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3 of 3 people found the following review helpful
4.0 out of 5 stars Written at the right level for the age, October 9, 2008
This review is from: Escape of the Mini-Mummy (Who Shrunk Daniel Funk?) (Hardcover)
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I have to admit, when I leafed thru this book I thought "meh" but when I gave it to my 11 year old daughter she cackled & laughed with delight in the back seat as she read it. Daniel Funk can shrink down to a very small size and thus embarks on a series of adventures. This one is about the escape of a Mummy and while its not the first book in the series, you don't really need to read them in order.

There is a certain amount of potty humor, which seems to be all the rage in pre-teen books these days (captain underpants, etc.) but I suppose that is an acceptable trade off to get kids to kids rather than watch tv or play video games.
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1 of 1 people found the following review helpful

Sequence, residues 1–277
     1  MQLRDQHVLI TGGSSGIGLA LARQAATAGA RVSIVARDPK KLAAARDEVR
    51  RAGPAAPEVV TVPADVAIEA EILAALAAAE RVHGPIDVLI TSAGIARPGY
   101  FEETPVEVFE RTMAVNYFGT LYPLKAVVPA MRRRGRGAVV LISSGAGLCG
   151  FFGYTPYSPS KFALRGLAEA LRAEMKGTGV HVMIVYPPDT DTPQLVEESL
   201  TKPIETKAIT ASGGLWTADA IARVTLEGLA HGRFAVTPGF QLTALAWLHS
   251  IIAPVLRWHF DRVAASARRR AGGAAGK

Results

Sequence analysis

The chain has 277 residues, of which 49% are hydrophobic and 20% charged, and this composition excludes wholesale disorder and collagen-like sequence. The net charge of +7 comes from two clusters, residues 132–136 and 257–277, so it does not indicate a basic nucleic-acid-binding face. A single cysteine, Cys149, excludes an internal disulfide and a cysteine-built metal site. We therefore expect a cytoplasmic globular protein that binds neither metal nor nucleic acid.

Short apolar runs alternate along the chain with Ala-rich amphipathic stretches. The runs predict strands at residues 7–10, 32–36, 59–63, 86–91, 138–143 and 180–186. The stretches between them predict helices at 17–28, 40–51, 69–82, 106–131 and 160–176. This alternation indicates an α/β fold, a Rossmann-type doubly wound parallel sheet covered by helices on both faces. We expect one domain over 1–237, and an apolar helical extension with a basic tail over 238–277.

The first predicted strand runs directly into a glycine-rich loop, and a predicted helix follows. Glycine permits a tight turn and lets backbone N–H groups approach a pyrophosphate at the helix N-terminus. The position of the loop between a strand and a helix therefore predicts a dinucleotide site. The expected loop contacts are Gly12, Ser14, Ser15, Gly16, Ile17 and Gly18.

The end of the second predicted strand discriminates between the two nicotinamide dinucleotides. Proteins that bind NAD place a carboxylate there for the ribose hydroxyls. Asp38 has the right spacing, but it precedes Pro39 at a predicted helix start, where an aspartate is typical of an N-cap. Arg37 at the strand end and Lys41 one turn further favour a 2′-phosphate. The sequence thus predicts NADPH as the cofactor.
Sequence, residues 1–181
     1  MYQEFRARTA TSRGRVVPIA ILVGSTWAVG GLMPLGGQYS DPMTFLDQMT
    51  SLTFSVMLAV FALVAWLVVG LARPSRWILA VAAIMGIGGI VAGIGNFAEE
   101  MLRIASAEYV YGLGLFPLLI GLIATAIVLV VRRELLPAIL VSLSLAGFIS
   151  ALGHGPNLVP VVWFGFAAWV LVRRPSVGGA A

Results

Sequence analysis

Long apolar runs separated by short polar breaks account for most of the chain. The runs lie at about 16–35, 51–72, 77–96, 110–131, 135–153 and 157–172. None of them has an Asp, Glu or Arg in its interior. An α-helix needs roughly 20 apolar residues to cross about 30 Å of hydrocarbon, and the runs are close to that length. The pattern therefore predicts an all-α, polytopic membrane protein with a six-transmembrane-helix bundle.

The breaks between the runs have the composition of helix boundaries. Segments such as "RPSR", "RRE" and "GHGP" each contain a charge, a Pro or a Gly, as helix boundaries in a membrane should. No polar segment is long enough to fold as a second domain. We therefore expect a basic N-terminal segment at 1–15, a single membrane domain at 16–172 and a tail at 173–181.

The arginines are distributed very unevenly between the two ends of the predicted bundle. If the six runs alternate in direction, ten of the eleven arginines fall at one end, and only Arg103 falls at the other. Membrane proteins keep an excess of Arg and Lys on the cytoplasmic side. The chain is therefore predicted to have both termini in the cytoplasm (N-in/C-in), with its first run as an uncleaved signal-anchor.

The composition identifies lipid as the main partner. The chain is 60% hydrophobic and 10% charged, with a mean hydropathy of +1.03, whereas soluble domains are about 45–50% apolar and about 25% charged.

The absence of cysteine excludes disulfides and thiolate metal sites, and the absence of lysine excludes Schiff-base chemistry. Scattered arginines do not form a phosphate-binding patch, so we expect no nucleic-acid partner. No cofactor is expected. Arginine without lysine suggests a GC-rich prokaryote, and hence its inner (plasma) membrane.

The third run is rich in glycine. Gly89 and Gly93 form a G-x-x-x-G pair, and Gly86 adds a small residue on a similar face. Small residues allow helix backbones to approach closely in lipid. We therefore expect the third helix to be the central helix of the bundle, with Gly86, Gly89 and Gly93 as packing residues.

5.0 out of 5 stars A fun, engaging read for kids, October 15, 2008
By 
Amazon Customer (Jamestown, NY United States) - See all my reviews
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This review is from: Escape of the Mini-Mummy (Who Shrunk Daniel Funk?) (Hardcover)
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I read this book to my son (who's 7) and his friend (she is also 7), as a test audience for the book. In this day and age, it is tough for books to compete with video games and on-demand television, especially when kids (even...or perhaps especially...teenagers) have such short attention spans. Creating something that is engaging, fun and hopefully unique is a must, then.

Held against that standard, this book passed with flying colors. Heck, even the prologue had the two of them giggling away (it's a fun aside on the difference between a diorama and diarrhea). The style is very easy, making it a natural read to kids - it is almost conversational in style. Further, there are simple, yet amusing, illustrations on every other page - something the kids were looking for from page one.